There is a rivalry with another band that is underwritten and the plotting of the enigmatic label boss seems like empty posturing and is largely uninteresting. In part this is because the series launches straight into the story, there is little time spent learning about these other bands and so the plotlines involving them has close to zero emotional impact. For example, when Bad Luck first perform, the front-man of Nittle Grasper (a Richey Manic type figure except that rather than going mad and disappearing, he went to America, which is seemingly the same thing from a Japanese point of view) appears and starts singing with them live on stage.

In the context of Gravitation's world, this is clearly a huge deal as it's one great musician anointing a younger singer but frankly, it is difficult to see why we should give a shit. There is also a lot of musing about Shuichi's lyrics and the DVD even goes so far as to give us Japanese phonetic subtitles and English translations. This is somewhat unfortunate for while the lyrics sound great in Japanese, they translate as ugly gibberish about yellow touches and white breezes. There is also a problem with the fact that clearly Japanese attitudes to what is musically 'cool' differ from western ones, as Bad Luck are effectively a corporate dance act who play stadiums like 2 Unlimited or Vengaboys. Hardly fitting for a series about emotional artists.

The relationship aspect of the series is far more interesting. The power relationship between Shuichi and Yuki in particular is incredibly watchable as Yuki clearly tops from the bottom; oh sure he heaps insults on Shuichi and treats him like a submissive but actually it is the younger Shuichi who does all of the pursuing and who gets to decide the direction the relationship will take. Another interesting aspect of the series is how coy it is about sexual matters. For example, it is made clear that none of the characters are gay, they just happen to be in love with men. Similarly, there is no talk of desire or lust, all the talk is of 'love' right from the beginning and when Yuki suggests that Shuichi was just a one-night stand, this is treated as being the absolute height of cruelty. These quirks are ultimately due to the demands of the romance genre that Gravitation is undeniably a part of. Romance is not interested in depicting a real human relationship or in exploring the nuances of human sexuality as in western gay cinema; it aims to be entertaining, uplifting and nice and so the less edifying aspects of human relationships are airbrushed out.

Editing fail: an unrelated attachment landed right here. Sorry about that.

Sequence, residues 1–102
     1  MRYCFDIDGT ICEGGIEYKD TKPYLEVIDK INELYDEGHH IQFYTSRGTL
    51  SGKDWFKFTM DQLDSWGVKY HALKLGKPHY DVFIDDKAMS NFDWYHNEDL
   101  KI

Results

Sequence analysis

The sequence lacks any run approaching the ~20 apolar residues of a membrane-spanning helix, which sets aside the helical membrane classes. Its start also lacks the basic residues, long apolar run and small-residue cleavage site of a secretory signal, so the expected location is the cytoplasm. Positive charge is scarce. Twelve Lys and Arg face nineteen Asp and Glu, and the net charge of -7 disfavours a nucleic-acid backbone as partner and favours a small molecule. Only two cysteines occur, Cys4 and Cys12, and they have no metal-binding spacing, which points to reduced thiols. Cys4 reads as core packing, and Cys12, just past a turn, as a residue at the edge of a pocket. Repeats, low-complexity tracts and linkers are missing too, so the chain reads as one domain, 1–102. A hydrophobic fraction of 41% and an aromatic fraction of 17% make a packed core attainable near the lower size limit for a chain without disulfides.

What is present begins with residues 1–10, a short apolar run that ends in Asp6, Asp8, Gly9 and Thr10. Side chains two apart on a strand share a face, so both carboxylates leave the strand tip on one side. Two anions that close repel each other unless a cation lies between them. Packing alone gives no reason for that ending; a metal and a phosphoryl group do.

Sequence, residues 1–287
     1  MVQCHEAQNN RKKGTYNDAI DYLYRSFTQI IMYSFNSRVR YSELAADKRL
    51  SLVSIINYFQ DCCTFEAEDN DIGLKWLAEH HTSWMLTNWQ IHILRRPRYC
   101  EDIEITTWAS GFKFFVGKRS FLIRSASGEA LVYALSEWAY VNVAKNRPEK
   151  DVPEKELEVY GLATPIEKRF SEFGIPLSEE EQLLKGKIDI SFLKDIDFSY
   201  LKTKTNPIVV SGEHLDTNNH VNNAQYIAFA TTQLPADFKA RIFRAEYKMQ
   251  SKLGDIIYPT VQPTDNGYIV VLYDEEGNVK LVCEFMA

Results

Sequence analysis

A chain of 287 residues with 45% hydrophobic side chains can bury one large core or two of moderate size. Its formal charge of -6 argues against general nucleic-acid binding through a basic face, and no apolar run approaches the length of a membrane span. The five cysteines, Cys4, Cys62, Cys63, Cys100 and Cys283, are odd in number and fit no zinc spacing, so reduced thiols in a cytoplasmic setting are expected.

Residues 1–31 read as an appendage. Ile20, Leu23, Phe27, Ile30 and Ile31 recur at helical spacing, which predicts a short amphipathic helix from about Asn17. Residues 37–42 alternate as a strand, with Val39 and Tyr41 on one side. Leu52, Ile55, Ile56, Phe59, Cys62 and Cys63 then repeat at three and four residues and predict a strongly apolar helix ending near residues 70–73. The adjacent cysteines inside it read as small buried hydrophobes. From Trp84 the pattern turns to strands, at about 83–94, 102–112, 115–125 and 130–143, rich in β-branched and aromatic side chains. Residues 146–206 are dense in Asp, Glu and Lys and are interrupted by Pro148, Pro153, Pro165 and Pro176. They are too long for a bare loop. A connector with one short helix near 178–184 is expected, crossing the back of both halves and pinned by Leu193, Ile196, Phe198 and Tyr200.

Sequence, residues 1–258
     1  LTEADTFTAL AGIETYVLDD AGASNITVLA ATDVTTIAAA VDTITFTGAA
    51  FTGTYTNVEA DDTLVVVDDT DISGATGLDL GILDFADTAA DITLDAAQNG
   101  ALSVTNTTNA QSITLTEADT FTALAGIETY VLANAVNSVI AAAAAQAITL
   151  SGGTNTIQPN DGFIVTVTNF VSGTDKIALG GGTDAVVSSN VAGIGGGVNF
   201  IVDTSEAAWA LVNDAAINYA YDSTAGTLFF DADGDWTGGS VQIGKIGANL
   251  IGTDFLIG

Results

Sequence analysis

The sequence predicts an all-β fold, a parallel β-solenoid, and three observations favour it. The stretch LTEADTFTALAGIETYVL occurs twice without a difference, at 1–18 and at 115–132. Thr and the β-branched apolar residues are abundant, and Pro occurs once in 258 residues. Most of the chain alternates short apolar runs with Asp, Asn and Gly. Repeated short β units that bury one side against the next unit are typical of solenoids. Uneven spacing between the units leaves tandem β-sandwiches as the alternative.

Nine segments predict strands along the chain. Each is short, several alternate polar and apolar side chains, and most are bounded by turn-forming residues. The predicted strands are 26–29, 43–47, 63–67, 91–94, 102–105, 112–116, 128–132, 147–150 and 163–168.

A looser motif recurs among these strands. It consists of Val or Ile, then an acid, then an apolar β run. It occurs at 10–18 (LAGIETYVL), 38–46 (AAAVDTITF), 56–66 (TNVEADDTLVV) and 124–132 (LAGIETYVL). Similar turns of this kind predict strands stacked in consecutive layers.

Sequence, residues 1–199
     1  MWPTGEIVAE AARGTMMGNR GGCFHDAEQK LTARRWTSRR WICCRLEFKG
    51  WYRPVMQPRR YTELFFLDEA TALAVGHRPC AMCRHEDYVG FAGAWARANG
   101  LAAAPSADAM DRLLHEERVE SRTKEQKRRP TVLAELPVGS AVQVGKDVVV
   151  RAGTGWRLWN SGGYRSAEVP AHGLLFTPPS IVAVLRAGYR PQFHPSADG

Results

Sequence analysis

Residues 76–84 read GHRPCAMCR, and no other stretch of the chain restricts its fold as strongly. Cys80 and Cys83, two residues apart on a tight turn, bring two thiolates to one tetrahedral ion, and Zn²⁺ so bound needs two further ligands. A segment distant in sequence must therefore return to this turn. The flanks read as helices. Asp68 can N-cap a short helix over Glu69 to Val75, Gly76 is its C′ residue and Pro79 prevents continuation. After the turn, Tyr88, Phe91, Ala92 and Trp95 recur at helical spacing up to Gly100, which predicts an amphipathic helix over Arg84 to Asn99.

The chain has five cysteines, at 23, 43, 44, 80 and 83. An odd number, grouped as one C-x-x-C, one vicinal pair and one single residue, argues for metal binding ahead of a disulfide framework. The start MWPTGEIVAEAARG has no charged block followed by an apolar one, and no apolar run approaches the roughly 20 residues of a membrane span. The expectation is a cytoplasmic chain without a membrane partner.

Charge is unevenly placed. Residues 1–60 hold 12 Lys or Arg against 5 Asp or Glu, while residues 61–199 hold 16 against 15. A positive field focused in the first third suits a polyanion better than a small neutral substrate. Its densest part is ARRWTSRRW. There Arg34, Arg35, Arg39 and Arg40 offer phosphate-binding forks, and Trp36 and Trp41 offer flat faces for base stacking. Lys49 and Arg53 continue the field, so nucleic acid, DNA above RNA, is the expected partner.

The series' animation is reasonable. Most of the art itself is quite generic and there are some terrible pieces of costume design but the series also integrates some live action footage, giving it a quite distinctive style. Though interesting and nice to look at, Gravitation is ultimately just a little bit rubbish. The weakness of the musical plotline puts a lot of strain on the series' relationship elements and, due to their sanitised nature, these are rather banal and slow moving once you work out that actually its the pretty little one with pink hair that is in charge. The result is a series that has the potential to be interesting yet, based upon these first four episodes, is painfully underwritten.